The Hatch-Waxman Act shook up the generic drugs business in 1984, and almost 30 years later, it's safe to say the law had its desired effect. About 84% of the 4 billion prescriptions written each year are for generic drugs, saving patients and government programs billions of dollars a year. In other words, generic drugs are big business. And with a slew of blockbuster brands now off patent, it's a big business with growing pains.
As companies bulked up to take on copies of the world's best-selling drugs, a wave of mergers has swept the industry. Many credit Actavis ($ACT) CEO Paul Bisaro with starting that trend; then the Watson CEO, his 2012 takeover of Actavis sent a clear message of "go big or go home" reverberating throughout the generics business. Actavis hasn't stopped scouting for deals, and many of its peers have followed suit.
Companies are joining forces to take on new markets, too. Like branded drugmakers, generics companies are looking toward emerging markets now that some of the biggest blockbusters have already fallen to generic competition and Western markets are stagnating. Many generics makers have teamed up with or bought local companies that can help with manufacturing, marketing and distribution. Big Pharma companies add their names--and lend their prestige--to domestically made products to differentiate them from the masses of competition. And joining forces with the locals can sometimes be a requirement. To sell one of 70-plus essential drugs in South Africa, companies have to make those drugs in South Africa. Russia requires foreign drugmakers to partner with local companies and share technology to get in on the action in that market.
It's not only emerging markets that are promising growth opportunities for generics makers. Japan, with its aging population and eye on increasing generics usage, has become a prime target for out-of-town generics makers. The Japanese newspaper Nikkei expects the country's market for generics to expand by 8% per year, hitting $13.2 billion in 2017. Others, like Spain, are looking to bring healthcare costs under control. The country has introduced mandatory generics prescribing where available, a measure that some expect could save it €2 billion a year. Not all countries are quite so eager to attract foreign investment, however. India is one. It boasts a strong generics industry of its own, and its companies led the way worldwide in terms of approvals last year, with 205.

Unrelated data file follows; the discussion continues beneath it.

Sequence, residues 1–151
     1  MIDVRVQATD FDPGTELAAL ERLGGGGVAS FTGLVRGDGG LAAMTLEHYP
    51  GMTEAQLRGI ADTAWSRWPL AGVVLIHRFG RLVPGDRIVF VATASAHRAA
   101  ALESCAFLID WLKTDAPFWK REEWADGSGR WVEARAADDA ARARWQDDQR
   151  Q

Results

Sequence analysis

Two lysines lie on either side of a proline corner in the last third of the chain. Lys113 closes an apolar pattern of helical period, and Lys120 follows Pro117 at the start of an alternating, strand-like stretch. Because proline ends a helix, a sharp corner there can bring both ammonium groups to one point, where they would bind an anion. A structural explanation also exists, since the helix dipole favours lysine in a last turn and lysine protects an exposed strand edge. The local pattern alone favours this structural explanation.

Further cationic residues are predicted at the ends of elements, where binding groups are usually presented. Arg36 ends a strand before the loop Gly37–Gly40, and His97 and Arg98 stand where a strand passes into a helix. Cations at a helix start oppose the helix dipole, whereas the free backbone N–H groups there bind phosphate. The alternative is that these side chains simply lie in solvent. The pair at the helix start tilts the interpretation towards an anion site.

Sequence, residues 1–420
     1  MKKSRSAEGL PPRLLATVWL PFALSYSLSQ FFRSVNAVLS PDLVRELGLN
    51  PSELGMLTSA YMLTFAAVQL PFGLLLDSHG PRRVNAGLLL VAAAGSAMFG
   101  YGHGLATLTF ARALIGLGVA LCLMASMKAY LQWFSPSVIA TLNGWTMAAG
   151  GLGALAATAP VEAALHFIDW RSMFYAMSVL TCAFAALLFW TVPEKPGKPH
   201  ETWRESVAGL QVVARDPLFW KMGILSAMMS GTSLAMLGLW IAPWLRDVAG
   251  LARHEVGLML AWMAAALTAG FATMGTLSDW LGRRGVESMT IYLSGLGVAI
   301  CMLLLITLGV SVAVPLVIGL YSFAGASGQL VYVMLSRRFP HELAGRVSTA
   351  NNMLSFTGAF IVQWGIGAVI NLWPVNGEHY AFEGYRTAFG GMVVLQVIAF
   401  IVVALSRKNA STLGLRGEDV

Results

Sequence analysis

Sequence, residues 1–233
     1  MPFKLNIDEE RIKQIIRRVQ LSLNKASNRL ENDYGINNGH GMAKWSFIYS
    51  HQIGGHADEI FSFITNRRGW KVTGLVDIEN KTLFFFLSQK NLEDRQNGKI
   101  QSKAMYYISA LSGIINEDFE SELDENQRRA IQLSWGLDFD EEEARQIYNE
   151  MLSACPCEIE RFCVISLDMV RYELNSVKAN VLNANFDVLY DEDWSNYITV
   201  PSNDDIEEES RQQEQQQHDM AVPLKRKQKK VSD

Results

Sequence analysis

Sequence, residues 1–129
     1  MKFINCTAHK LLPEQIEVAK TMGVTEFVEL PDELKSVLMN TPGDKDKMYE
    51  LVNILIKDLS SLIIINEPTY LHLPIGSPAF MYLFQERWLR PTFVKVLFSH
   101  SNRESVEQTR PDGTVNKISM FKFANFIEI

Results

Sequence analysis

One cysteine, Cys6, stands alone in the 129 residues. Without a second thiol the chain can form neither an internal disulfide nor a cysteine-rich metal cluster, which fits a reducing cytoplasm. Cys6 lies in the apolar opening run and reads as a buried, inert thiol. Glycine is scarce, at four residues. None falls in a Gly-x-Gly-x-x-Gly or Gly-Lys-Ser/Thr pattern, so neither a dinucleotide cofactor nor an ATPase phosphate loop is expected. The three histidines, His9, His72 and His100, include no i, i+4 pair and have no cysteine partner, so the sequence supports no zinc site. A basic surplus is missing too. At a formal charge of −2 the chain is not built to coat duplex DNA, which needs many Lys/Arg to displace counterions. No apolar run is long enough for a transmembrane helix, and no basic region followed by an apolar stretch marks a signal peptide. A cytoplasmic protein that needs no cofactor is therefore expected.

So go ahead and peruse the Top 10 to find out how these trends and market forces are shaping the industry's biggest players--and vice versa. By and large, revenue numbers for the rankings came from companies' sales reports. The 2012 generics sales figure for Hospira ($HSP), which doesn't report generics numbers separately, came from EvaluatePharma's 2013 World Preview. We converted currencies into dollars where necessary, using exchange rates from the days companies closed out their financial years (March 31, 2013, for Sun and Daiichi Sankyo; June 30, 2013, for Aspen; December 31, 2012, for Sanofi, $SNY). Feel free to reach out with questions or comments, or start a dialogue on our LinkedIn page. We look forward to hearing from you. -- Carly Helfand (email | Twitter)